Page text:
M C Vassiliou, MD, MEd, P Kaneva, MSc, B J Dunkin, MD, G M Fried, MD, J D Mellinger, MD, T Trus, MD, K I Hoffman, PhD, C Lyons, MD, J R Korndorffer, MD, M Ujiki, MD, V Velanovich, MD, G Korus, MD, D J Scott, MD, J Martinez, MD, S Tsuda, MD, J Seagull, MD, G Adrales, MD, M L Kochman, MD, A Park, MD, J M Marks, MD
McGill, Methodist, Southern Illinois, Dartmouth, USC, Tulane, NorthShore, South Florida, U Penn, UTSW, U Miami, U Nevada, U Maryland, Case Western
The Fundamentals of Endoscopic Surgery (FES) program consists of online educational materials and both didactic and skills based tests. All components must be shown to measure the skills and knowledge required to perform safe flexible endoscopy. The purpose of this multicenter study, performed by the FES task force, was to evaluate the reliability and validity of the hands-on component of the FES examination.
Expert educators and endoscopists identified the critical skill set required for flexible endoscopy by deconstructing the procedural components of upper and lower endoscopy. The skills were then modeled in a virtual reality simulator (GI MentorII, Simbionix Ltd., Israel) and metrics were created. Several pilot studies and iterations were needed in order to refine the skills and metrics. Scores were designed to measure both speed and precision. Validity was assessed by correlating performance with self-reported endoscopic experience (surgeons and gastroenterologists (GI)). Internal consistency of each test task was assessed using Cronbach’s alpha. Test-retest reliability was determined by having the same participant perform the test a second time and comparing their scores. Passing scores were determined by a contrasting group methodology and use of receiver operating characteristic curves.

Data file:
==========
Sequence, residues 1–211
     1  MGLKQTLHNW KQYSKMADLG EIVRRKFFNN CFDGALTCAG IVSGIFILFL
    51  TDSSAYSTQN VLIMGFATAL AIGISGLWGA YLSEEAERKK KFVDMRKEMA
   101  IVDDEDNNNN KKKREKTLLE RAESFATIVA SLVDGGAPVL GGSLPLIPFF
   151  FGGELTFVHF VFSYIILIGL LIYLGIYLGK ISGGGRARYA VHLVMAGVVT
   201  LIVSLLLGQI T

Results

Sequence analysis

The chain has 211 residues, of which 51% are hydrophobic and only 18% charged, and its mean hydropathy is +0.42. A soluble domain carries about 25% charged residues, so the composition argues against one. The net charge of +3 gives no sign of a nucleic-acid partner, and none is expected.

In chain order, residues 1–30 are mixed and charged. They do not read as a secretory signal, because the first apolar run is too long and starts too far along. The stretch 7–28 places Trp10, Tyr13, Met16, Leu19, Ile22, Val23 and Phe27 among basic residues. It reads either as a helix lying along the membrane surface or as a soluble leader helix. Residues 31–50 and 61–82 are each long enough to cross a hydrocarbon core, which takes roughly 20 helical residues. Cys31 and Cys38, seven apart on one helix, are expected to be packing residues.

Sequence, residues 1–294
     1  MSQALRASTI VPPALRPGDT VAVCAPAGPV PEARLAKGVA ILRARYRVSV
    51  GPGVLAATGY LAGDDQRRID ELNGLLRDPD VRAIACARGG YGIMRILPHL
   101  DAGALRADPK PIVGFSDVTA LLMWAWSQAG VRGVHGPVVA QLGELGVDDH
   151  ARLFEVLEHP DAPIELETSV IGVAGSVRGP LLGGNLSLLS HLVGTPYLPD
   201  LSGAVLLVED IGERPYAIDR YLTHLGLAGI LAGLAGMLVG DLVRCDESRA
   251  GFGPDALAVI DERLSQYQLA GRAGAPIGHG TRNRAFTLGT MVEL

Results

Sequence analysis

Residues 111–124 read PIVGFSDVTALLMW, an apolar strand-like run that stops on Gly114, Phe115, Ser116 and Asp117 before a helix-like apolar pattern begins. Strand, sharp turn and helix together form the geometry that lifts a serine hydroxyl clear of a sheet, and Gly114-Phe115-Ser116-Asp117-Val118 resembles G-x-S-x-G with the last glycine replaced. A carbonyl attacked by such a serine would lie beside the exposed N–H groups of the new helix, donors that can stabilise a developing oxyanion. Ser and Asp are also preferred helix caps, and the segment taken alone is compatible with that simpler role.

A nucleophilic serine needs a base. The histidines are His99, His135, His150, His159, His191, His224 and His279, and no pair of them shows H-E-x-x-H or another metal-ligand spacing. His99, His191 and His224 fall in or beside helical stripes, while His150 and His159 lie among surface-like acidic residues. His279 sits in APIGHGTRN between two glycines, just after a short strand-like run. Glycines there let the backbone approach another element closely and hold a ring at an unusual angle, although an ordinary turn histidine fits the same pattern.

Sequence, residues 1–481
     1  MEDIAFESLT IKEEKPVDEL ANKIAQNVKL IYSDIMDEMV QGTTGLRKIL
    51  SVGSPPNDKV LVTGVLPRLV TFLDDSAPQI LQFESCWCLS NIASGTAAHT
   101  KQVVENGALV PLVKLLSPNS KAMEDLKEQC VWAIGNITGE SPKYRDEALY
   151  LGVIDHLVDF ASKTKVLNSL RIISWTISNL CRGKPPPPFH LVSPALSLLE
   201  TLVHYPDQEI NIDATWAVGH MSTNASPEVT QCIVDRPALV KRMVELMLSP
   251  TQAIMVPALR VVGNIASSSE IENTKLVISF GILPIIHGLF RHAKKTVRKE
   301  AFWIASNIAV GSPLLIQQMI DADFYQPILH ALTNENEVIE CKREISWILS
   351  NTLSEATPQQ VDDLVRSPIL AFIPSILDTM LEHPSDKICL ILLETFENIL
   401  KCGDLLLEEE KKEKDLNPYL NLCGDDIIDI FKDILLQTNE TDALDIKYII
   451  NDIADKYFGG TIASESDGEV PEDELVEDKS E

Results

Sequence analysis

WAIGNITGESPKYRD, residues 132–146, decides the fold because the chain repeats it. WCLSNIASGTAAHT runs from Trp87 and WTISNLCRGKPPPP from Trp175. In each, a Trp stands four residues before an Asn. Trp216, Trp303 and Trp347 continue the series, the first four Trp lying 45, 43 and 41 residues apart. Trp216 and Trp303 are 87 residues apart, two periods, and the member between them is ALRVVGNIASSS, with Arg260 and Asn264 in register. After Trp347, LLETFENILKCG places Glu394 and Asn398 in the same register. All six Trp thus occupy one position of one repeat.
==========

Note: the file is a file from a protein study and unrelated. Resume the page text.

The 5 simulated tasks include: scope navigation, loop reduction, retroflexion, mucosal evaluation and targeting. 158 participants (16% GI) performed the simulator test. Scores on the 5 tasks showed sufficient internal consistency reliability and all had significant correlations with the participants’ level of endoscopic experience as measured by self-reported number of cases performed. A composite score was obtained by averaging the five task scores. The composite scores correlated .72 with participants’ level of endoscopic experience providing evidence of their validity and their internal consistency reliability (Cronbach’s alpha) was .82. Test-retest reliability was assessed in 7 participants, and the ICC was .96 (CI .74; .99). The passing score for the minimally qualified candidate was determined and is estimated to have a sensitivity (True positive rate) of .81 and a 1-specificity (False positive rate) of .21 given the pilot sample.
The FES hands-on skills test examines the basic procedural components required to perform safe flexible endoscopy. It meets rigorous standards of reliability and validity required for high stakes examinations, and, together with the knowledge component, may help contribute to the definition and determination of competence in endoscopy.
Session: Podium Presentation
Program Number: S103